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 Saving Seeds 
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Post Saving Seeds
Else on ZetaTalk Newsletter as of April 23, 2023

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Saving Seed

Stocking food is not enough! You need to be prepared to grow and gather your own, and most importantly, you need to know how to save seed. Get a good book on this, such as Seed to Seed, and practice. Mother Nature wants her seeds dry and cool, so most seed only needs that preparation and protection. Many seeds will not spout unless gathered from a ripe fruit, so those peppers and squash and melons should be ripe before harvesting. Very ripe, almost to the point of rotting. Tomatoes too, need to have white mold eat away their slime, or the seed thinks it is still in the tomato and simply won’t sprout!
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Propagating annuals like lettuce or Corn or Beans is relatively easy. Just set aside a portion of your crop for seed production, letting it fully mature, and collect the dry seeds. But half our food supply comes from biennials, like Cabbage and Onions and Carrots, which insist on sleeping over during a dormant period before going to seed. Some edibles only require establishing a perennial patch, like Asparagus or Berries or planting an Apple tree. Let’s start with the easy ones.

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Corn kernels are perhaps the easiest to harvest. All one needs to do is let a couple stalks of Corn live on past harvest time, until the Corn dries fully. The dryer the better. Farmers check their Corn fields for this, as they don’t want moldering Corn in their silos nor do they want the expense of drying it indoors. Corn is an easy plant to grow, fertilized by the wind which blows the pollen from the tassels down across the silk of neighboring Corn plants. Corn is known as a feeder crop, needing a lot of fertilizer - manure or ashes from wood burning stoves, and thus farmers alternate with Soy Bean crops which bind nitrogen to the soil.

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Perhaps the easiest garden vegies to grow are Beans and Legumes, and every culture has recipes for them. Delicious, satisfying, and a bit of protein too. Once again make sure the seeds you harvest are very dry. Allow the plant to literally die from old age to ensure maturity. One technique to get every last bit of nutrition to the seeds is to hang the plant upside down, draining the nutrients to the seeds. Beans are a hot weather plant, and if you plant when the soil is wet and cool the seed may molder in the ground.

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Salad greens or vegies to stir-fry or steam are also mostly annuals, meaning they go to seed in their first year. This category includes Lettuce, Spinach, Bok Choy, Mustard Greens and Kale. Always collect seed from your best plants, passing along their good genetics in this way. Lettuce is among those plants that continually go to seed. One day you see a fluffy white flower with immature seeds within, and a couple days later this same flower has blown away in the wind. Harvest regularly. Spinach is a bi-sexual plant, meaning one must have male and female plants to produce fertile seeds. Harvest when the seed is mature and dry.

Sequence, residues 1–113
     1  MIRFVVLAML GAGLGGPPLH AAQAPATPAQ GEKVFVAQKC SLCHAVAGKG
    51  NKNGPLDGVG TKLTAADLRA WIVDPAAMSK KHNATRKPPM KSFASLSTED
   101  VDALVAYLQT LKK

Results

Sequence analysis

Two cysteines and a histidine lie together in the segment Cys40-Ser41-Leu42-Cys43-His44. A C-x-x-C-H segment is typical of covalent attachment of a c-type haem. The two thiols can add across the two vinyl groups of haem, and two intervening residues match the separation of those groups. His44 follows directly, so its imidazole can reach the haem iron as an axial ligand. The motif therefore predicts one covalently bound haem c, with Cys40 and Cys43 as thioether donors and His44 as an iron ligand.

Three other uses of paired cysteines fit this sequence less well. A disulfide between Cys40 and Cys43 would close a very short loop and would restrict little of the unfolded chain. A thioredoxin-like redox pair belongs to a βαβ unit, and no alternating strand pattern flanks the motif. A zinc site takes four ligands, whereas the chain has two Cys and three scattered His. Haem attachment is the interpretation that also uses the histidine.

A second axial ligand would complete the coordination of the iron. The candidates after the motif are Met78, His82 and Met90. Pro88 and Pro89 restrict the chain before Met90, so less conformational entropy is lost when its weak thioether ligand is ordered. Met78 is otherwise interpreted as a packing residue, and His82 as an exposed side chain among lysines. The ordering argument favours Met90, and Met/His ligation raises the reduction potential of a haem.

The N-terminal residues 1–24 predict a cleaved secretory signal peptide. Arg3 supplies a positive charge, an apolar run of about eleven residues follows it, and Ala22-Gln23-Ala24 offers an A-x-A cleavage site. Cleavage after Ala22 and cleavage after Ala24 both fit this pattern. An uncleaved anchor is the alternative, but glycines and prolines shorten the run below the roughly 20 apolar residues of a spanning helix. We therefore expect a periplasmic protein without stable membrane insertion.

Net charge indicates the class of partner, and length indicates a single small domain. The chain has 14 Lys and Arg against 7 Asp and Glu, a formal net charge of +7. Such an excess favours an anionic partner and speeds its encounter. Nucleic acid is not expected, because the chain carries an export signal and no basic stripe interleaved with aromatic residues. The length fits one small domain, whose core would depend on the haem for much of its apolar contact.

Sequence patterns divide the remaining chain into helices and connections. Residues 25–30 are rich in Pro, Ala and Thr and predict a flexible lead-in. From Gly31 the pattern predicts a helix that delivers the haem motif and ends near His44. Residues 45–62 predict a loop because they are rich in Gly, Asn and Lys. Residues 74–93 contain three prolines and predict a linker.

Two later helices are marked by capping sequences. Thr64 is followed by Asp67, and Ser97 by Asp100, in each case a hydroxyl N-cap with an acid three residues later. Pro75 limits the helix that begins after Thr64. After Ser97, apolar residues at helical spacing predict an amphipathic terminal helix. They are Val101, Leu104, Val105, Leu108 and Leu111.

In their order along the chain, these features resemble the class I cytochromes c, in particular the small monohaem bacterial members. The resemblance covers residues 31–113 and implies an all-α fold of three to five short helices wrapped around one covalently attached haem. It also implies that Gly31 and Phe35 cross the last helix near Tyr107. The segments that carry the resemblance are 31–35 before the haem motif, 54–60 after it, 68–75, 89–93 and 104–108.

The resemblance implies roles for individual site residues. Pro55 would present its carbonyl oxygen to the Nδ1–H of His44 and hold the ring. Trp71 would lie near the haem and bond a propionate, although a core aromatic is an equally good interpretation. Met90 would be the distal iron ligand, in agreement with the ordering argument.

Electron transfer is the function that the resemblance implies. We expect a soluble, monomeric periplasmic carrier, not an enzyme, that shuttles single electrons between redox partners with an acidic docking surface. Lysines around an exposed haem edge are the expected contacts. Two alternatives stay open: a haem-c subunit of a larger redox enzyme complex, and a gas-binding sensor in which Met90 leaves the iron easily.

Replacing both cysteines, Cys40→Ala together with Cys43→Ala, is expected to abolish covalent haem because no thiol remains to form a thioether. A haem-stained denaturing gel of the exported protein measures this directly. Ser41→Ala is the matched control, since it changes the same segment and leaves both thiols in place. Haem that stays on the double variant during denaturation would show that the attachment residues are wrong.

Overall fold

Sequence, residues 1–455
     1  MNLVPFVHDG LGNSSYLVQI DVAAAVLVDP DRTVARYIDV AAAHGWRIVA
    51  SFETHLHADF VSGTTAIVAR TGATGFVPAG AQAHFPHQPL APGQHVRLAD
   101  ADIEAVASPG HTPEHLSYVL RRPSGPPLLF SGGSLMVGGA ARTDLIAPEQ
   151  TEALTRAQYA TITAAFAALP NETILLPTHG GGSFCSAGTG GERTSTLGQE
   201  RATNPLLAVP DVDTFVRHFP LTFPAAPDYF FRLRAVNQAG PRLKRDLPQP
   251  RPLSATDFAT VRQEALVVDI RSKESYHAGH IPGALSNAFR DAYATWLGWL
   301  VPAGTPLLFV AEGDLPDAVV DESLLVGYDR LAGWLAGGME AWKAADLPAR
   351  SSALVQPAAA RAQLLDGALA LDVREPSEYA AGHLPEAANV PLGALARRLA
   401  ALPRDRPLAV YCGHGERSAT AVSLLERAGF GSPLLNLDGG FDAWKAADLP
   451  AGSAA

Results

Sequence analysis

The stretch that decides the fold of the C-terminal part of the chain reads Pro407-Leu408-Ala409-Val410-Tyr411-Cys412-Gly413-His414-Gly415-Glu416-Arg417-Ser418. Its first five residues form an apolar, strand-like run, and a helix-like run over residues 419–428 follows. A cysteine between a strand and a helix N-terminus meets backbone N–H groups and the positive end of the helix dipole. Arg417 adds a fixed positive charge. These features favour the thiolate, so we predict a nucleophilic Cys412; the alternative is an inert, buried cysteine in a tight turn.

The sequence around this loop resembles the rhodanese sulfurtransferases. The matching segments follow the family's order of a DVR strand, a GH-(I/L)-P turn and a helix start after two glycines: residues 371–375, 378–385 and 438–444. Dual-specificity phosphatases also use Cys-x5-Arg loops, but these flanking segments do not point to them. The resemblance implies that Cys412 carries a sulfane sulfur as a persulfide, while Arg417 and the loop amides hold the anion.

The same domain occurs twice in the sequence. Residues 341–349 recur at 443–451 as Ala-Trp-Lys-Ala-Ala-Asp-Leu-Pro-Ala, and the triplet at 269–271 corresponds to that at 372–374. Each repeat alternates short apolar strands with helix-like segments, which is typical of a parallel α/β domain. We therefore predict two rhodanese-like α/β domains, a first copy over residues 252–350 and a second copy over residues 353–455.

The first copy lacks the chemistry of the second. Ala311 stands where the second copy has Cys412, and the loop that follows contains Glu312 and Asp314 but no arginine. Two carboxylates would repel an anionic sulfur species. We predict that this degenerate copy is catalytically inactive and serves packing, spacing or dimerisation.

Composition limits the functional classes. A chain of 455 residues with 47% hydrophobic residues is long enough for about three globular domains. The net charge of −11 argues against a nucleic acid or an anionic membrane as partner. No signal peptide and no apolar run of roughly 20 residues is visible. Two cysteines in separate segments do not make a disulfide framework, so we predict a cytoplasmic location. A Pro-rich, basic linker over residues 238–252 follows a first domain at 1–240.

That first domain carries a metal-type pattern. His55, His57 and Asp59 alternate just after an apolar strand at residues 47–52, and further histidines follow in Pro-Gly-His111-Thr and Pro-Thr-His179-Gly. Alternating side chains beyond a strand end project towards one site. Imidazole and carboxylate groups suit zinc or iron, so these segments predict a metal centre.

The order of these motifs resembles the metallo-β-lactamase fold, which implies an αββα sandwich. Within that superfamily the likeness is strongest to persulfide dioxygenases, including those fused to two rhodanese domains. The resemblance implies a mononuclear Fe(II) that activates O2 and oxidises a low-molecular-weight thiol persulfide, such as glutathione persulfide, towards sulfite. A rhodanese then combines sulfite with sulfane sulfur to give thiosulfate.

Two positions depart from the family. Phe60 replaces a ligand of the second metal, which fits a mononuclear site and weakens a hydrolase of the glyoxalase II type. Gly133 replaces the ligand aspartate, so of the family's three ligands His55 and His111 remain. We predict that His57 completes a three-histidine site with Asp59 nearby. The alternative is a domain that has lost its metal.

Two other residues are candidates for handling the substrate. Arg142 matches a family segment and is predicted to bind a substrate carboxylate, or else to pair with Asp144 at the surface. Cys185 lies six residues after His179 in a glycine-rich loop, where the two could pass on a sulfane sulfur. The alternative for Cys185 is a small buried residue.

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Melons, Squash, Cucumbers and Pumpkin are all fruits. Their yellow flowers turn into the fruit after the flower has been fertilized. In these days when bee colonies can be killed off, allow all the other fertilizing insects to flourish. Ants, sweat bees, anything that is crawling or buzzing around. They are your friends. Winter Squash and Pumpkin are superior foods to store in a cool cellar. They last for months and months. When collecting seed from plants in this category, take from a very ripe fruit, almost to the rotting point. Rinse the pulp from the seeds, dry thoroughly, and store in a cool dry place.

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Tomatoes, and Tomato sauces, are so intrinsic to meals in so many cultures they deserve their own spot on the seed saving discussion, especially since effective seed saving requires an odd practice. One must molder the seeds, to rid the seeds of the slime that surrounds them inside the ripening Tomato. But can’t you just rinse off the slime? Apparently, that will not work. Even rinsed and dried, the Tomato seed still thinks it is in the Tomato! So one must put the slimy seeds into a bowl with a little water, and let sit until the bowl is covered with white mold. The slime is eaten by mold. Then rinse, letting the heavy mature seeds sink to the bottom of the bowl and the chaff and mold flow off the top of the bowl. Then dry and store for the next year.

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Strawberries also deserve a special mention, because Strawberry plants never die and they never sleep! Seriously, they will grow and produce berries 24 hours every day if given light. Thus making them ideal for indoor gardens. They will also survive harsh Winters, living on as a perennial. Strawberries also have multiple ways of reproducing. They produce runners, with tiny Strawberry plants at the end of each runner, seeking to put down roots. Strawberries are covered on the outside by little seeds. If in a warm humid environment, these seeds will sprout while still on the Strawberry. One can take a slice off a store bought Strawberry, lay that slice on some moist dirt, and voilà. Baby Strawberry plants.

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Potatoes also deserve a special mention, as what meal is complete without Potatoes. Potatoes are usually grown from cutting up old Potatoes that have been stored in the cool room, so that each eye on a Potato has a portion of the Potato to give it strength to grow. A bag of Potatoes in the kitchen will start to sprout from the eyes. They don’t wait to be asked. Potatoes can also be grown from the seed pods they produce. Dry the pods well, and break them open to release the tiny seeds. Of course this takes more time than planting Potato eyes.